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Topic: Training

The new items published under this topic are as follows.

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Start exercise program gradually to avoid shin splints, doctor warns

Posted by: pshields on Wednesday, May 25, 2005 - 03:10 AM 1145 Reads
Training




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Six Key Running Sessions

Posted by: pshields on Tuesday, May 24, 2005 - 04:15 AM 1764 Reads
Training

Six Key Running Sessions

By Ben Wisbey

Posted: May 13, 2005

Introduction

If you are trying to fit quality running training around a working week and domestic chores, then why not try these sessions? The six sessions outlined below are designed to fit into a lunch break, in the early morning before work or even after a busy day. None of the sessions take more than 45 minutes, yet all provide a quality work out, giving the most benefit from your training time.





How to run

Posted by: pshields on Monday, May 23, 2005 - 04:11 AM 1062 Reads
Training

How to run

Kathleen Mc Quaide - Sports Scientist

Whilst running might just seem like a speeded-up version of walking (which we all know how to do), there are some important considerations if you want to make sure you get the most out of it.

Also, keep in mind that when running (as with any exercise training), many different systems are involved, including the nervous, muscular, skeletal and cardiovascular systems. When we move, the brain sends message via nerves to the muscles, to tell them to respond in a certain way. To perfect a movement ? we literally have to do some brain-training.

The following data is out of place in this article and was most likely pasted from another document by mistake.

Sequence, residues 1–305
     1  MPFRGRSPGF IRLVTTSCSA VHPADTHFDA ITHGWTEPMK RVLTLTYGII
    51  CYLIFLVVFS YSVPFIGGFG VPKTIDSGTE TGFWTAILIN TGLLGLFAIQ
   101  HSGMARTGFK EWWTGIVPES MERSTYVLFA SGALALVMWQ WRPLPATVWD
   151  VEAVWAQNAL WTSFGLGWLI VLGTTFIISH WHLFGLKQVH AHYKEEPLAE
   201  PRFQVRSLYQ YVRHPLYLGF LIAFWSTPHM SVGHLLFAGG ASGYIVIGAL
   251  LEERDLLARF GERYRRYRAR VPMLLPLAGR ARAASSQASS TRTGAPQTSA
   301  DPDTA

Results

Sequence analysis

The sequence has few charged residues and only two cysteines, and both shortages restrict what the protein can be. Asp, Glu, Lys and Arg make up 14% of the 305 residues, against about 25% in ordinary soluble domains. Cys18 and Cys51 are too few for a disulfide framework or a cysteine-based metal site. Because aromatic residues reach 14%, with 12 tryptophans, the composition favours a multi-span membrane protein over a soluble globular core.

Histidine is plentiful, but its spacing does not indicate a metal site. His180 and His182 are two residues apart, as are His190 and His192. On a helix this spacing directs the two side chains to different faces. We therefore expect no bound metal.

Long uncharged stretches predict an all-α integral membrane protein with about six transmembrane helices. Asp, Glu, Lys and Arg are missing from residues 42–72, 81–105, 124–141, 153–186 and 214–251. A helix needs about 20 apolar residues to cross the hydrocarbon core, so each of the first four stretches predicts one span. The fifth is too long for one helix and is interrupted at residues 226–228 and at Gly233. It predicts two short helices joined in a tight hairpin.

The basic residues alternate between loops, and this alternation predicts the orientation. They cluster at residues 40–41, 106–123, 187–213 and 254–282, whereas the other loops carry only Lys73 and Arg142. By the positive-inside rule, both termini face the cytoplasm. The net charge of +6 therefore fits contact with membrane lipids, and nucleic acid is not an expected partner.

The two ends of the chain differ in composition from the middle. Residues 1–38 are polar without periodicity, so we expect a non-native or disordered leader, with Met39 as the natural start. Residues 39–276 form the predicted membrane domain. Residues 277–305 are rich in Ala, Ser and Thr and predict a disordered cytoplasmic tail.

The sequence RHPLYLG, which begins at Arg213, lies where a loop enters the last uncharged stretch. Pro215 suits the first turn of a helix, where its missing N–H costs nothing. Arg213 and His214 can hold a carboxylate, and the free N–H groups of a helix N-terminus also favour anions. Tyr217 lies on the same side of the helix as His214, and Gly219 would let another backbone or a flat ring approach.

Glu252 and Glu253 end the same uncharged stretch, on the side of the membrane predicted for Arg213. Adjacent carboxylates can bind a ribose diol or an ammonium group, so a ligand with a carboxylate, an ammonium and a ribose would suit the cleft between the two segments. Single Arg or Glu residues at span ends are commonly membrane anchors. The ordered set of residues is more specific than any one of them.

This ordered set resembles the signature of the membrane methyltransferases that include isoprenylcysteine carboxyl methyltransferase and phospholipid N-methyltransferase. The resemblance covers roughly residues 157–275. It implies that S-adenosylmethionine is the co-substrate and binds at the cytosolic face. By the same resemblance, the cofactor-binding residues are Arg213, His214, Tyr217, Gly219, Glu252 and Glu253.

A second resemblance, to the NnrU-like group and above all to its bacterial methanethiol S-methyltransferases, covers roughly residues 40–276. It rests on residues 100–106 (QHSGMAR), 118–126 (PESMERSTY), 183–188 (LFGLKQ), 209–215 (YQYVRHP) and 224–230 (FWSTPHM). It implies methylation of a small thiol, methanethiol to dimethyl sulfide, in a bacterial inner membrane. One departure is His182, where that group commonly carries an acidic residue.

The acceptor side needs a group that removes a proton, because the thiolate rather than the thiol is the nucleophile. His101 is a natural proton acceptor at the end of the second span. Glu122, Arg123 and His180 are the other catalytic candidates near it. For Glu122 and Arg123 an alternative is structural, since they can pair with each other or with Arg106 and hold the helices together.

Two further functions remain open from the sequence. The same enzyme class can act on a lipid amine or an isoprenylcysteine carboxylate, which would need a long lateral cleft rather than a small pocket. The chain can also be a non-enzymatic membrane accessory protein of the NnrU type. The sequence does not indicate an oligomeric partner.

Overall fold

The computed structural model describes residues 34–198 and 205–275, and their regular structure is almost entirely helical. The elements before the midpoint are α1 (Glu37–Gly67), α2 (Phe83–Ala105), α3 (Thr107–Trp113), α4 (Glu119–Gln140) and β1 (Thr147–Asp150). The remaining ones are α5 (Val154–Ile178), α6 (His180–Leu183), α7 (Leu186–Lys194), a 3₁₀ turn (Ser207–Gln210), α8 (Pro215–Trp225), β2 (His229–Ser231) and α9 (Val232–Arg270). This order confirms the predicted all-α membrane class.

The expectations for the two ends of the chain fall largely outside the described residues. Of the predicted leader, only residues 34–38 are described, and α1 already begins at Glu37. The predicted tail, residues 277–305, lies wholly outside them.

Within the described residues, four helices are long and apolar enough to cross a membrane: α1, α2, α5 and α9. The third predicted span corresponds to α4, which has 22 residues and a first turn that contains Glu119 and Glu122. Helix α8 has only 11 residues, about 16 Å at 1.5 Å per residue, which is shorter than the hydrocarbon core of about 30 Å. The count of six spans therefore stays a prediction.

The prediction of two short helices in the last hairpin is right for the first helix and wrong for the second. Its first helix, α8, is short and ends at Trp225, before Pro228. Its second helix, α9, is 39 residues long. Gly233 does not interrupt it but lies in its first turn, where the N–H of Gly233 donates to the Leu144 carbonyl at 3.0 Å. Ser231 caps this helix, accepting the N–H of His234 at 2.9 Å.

As we repeat the movement many times, so a new map with all the new neural pathways to the muscle, is ingrained and stored in the brain, so that you can do the action without even thinking ? so yes, practice makes perfect!

How to do it To optimise your running technique, consider the following:





Are You Using the Same Strategy as the Pros???

Posted by: pshields on Sunday, May 22, 2005 - 04:44 AM 803 Reads
Training

Are You Using the Same Strategy as the Pros???

By: Al Morris, Ph.D.,FACSM

Posted: May 20, 2005

If you want to run a PR time in the marathon, it's very important to run equal halves. In fact, over the years many athletes, elite and non-elite, have demonstrated that the ideal scenario is to run the first half of the race slightly slower than the last half. When you start slowly you allow your body to adjust to the pace and the exertion, which leaves you with enough reserves to run the second half as quickly as the first, or EVEN FASTER!





Runners fight post-mini letdown

Posted by: pshields on Saturday, May 21, 2005 - 04:04 AM 962 Reads
Training

Runners fight post-mini letdown

Shelly Sorg

Fitness trainer Shelly Sorg offers a training program to help novices who conquered the miniMarathon keep their bodies fit.

STRUGGLING WITH A POST-MINI LET-DOWN?

Here are some options

Hundreds of people spent the first four months of the year running in all kinds of weather to train for the ever-popular Kentucky Derby Festival miniMarathon.

What do they do with their energy and where do they focus their minds and bodies now that the April 30 13.1-mile race is over?